My first official stop on the KFWE tour was Tel Aviv on February 4th . This is a show I try to go to every year work schedule permitting (last year I was in Barcelona for a conference which was a bummer).
Now each of these shows certainly has their own flavor and style – much like the cities they are based in. London is super classy, NY is frenetic and full of energy and LA is super laid back. KFWE Tel Aviv too typifies the city it is based in. There is great energy infused with also an anything goes kinda attitude and a nice dose of we’re gonna party.
So let me set the record straight – Zur does as good a job as anyone else in putting on a KFWE. Is it as big or as flashy as some of the the others? No, But inn fact, there are a lot of things about the the Tel Aviv show that are better than all of the others. First, the base level food is better than every KFWE. I mean Meat and Wine Co. of Hertzlia was serving up veal ribs and beef Short Ribs (Asado) – seriously some of the best food that I had at a KFWE. There was also a ton of food from Skyline and Resto. In fact that’s another thing in the plus column – there is ONLY a base level. There is no VIP. Whatever they serve, they serve to all – both food and wine (there are a often couple of sessions that are open to some trade – but they are really not part of the show).
Besides that, you can taste through EVERYTHING that is in Israel that Zur is bringing in from Royal and all that Zur distributes from local producers – which currently includes Shiloh, P’sagot and Jezreel. No restrictions – nothing under the table etc.
This year Zur moved KFWE to the Tel Aviv port. What a GREAT location. We also lucked out in that it was about 72 degrees (F) outside. Simply beautiful. Aas mentioned there is only a single level of ticket – and it gets you everything. Whatever is being shown is open to you – though the list of what is available is smaller than other KFWE’s – as I will discuss below. 2016 Malartic? Check. 2015 Leoville? Check. Giscours, Lascombes, Montviel – check, check and check. And so on.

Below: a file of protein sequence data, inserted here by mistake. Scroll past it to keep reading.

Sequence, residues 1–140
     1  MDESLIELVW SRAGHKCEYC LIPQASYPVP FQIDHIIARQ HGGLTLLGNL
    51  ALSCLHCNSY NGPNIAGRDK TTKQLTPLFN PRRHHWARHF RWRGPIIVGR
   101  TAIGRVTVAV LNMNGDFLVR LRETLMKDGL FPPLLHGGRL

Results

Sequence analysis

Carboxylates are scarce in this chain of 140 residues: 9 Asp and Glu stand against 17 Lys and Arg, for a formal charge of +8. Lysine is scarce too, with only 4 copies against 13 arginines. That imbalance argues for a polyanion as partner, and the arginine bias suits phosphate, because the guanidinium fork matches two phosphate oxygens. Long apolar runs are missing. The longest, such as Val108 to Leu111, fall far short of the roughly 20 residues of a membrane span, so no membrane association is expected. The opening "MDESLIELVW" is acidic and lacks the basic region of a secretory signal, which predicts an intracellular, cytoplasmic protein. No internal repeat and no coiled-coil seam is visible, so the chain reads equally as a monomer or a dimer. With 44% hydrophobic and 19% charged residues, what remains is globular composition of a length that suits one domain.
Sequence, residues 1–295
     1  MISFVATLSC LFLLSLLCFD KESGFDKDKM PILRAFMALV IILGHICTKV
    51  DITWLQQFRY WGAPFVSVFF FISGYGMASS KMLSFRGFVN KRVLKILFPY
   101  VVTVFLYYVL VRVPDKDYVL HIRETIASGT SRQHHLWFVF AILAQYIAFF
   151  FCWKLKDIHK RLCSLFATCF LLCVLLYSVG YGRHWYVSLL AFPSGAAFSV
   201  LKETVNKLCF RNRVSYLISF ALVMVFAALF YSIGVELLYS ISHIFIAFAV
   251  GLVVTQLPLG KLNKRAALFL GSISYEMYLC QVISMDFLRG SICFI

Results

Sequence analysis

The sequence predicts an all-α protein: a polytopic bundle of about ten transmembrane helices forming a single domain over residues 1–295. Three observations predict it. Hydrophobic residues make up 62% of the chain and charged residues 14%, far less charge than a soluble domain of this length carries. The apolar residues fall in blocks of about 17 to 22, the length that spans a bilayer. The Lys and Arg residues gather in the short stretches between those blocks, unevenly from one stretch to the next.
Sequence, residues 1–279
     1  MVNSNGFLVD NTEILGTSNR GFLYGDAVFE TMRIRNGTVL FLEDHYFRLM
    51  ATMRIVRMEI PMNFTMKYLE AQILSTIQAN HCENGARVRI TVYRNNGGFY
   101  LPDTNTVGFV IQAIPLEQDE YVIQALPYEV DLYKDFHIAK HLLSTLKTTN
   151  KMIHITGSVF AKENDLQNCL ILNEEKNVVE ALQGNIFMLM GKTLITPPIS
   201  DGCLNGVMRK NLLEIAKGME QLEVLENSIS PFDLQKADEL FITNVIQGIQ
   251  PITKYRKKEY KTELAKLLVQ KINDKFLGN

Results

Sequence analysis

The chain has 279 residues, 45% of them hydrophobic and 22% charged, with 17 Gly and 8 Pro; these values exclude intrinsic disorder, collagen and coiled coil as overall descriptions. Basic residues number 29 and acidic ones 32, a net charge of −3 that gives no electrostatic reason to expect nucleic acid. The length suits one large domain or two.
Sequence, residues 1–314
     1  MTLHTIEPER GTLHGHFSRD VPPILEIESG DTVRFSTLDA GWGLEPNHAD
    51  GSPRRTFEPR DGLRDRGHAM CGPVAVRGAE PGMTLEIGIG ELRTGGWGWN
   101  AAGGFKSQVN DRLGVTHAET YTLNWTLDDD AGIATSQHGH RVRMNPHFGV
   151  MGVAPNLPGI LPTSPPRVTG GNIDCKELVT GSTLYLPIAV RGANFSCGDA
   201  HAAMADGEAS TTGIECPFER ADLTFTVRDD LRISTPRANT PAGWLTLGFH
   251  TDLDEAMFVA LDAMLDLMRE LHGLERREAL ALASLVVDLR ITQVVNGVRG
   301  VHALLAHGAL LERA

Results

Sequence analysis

There was also a full cocktail bar highlighting the various liquor that Zur brings in. And of course the aforementioned food of which there was plenty and it was tasty.
In keeping with the vibe, pourers poured freely and generously whatever you asked – without any need to wash glasses in between (a malady unique to the US). I will get into a list of the specific wines that I tasted in a separate post as all of them basically overlap in some way shape or form. For instance the Malartic was shown at each KFWE (though sometimes only VIP). But as this is KFWE Tel Aviv, let me highlight an Israeli wine that I happened to like a lot. 2016 Jezreel Argaman. Now you are saying to yourself – that wine isn’t new. You are right – it was even showcased at last year’s KFWE. But it has definitely improved with age. Excellent acidity balancing out the 22 months in oak. Dark blue fruit, nice spice. Worth checking out for sure. My thanks to Ido Gal On who got me to retaste.
But that raises a question – and this is a question in general this year as I noticed the same trend at Sommelier – I am not sure why, but all of the wineries seem to be late in releasing their new vintages. Huh? I happen to think it is a missed marketing opportunity – but the number of NEW Israeli wines I tasted at all KFWE’s is under 10 – and lets not forget, in the rest of the world, Royal distributes a lot more than Jezreel, Shiloh and Psagot. I get that people want to clear out old vintages – but showing 2017 Roses at a show in February 2019?That’s a no-no.